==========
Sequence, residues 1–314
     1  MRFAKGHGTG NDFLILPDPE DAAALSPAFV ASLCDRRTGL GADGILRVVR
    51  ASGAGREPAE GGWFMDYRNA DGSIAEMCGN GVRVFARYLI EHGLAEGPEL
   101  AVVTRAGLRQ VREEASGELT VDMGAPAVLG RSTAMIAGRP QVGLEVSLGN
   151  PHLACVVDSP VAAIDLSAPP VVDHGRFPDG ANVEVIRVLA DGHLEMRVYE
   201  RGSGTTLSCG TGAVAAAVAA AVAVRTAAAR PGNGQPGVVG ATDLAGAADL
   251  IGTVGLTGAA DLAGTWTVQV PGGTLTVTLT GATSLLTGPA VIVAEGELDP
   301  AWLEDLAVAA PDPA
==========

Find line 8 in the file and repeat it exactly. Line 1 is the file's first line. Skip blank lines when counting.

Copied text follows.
   301  AWLEDLAVAA PDPA